Okay. So. What is the deal with power couple Tamara Shopsin and Jason Fulford? These guys come out of nowhere and then produce two of the most original and interesting board books of 2018 out of nothing? I need some context. I assume that they’re British (a conclusion I came to after seeing that the original title of this book was “Find Colours” – detective, I am not). Whatever the case, they’re brilliant. In this book you have gaps in the pages and you walk around to fill those gaps with whatever color it’s asking for. How has no one thought of this before?
Guess Which Hand by Hans Wilhelm, ill. Ilaria Guarducci
This is pretty darn cute. You turn the wheel and it changes what each animal in the book is “holding” and which hand they’re holding it in. Then you lift the flap to find it. Again, a smart idea that I’m surprised I hadn’t seen before.
Little Sunny Sunshine by Susie Jaramillo
Every book that comes out of cantìcos is a delight and this latest bilingual title is no exception. Flip it one way, it’s in Spanish. Flip it another, it’s in English. Scan the code and get the music that goes with it for free. This is a bilingual Spanish/English baby storytime dream come true.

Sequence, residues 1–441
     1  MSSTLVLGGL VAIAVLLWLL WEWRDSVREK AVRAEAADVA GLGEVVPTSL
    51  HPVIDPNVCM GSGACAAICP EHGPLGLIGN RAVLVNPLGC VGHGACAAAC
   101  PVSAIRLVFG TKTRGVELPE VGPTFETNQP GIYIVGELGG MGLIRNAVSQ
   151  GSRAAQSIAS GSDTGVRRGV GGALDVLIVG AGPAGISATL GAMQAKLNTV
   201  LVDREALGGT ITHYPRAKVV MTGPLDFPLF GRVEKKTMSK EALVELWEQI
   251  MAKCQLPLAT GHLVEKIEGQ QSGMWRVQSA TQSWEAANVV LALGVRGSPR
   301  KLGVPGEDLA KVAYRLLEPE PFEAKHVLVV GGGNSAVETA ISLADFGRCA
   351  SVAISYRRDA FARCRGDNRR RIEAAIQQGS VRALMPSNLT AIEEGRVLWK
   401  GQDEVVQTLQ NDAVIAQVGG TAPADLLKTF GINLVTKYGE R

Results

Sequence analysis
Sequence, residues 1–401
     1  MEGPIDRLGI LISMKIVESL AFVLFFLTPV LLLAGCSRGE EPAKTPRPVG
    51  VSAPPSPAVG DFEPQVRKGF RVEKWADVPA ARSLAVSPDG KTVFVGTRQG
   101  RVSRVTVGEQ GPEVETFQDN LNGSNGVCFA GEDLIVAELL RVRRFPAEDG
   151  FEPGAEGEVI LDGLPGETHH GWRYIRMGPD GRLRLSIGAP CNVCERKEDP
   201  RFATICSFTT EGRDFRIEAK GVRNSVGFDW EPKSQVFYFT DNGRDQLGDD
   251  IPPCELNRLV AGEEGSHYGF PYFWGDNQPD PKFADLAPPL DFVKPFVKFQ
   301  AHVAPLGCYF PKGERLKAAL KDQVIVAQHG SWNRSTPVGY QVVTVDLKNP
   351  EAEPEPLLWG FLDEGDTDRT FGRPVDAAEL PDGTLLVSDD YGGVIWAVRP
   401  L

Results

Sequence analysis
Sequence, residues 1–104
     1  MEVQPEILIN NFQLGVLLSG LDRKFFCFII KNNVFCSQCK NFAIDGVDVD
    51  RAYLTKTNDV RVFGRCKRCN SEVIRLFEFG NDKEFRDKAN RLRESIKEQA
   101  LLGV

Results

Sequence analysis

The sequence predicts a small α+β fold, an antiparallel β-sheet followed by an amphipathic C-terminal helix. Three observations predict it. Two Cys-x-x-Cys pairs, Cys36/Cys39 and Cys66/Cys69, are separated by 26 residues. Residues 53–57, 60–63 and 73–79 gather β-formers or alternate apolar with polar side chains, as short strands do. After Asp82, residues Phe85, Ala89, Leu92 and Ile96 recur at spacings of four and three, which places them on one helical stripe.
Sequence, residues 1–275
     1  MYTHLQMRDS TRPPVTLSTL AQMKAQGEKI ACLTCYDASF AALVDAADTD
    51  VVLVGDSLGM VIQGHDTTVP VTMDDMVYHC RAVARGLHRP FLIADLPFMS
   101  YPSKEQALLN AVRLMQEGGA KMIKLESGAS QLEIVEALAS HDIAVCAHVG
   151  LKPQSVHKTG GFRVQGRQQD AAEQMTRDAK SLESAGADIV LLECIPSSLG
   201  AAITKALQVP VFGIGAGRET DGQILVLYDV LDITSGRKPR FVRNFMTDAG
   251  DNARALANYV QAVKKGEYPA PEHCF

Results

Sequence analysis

Llamaphones by Janik Coat
I will confess that I always was a bit disappointed in Janik Coat’s Hippopsites. A lovely book to look at, but not everything in the book was actually featured with its opposite. Llamaphones is different. Smarter. Funnier. And if I had to choose only one image in today’s post to get as a tattoo, you can bet it would be that staring Llama on the cover here.
Mirror Play – What Am I? by Monte Shin
Imagine two grown women sitting at the adult reader’s advisory desk of the library, trying desperately to figure out the trick to this book. You see, you’re given a mirror to look at the critters or creatures on the page. It took us forever to realize that the things being mirrored could be turned as well. Slick packaging and a clever idea (particularly if you want to teach symmetry at all).
Mon Petit Busy Day by Annette Tamarkin
A word of warning to the wise: This book is oodles of fun and a great title, but it is also BIG. Picture book sized, really. I didn’t expect that, so if you’re looking for something to fit on your board book shelves, it might be better to relegate this to the picture book section.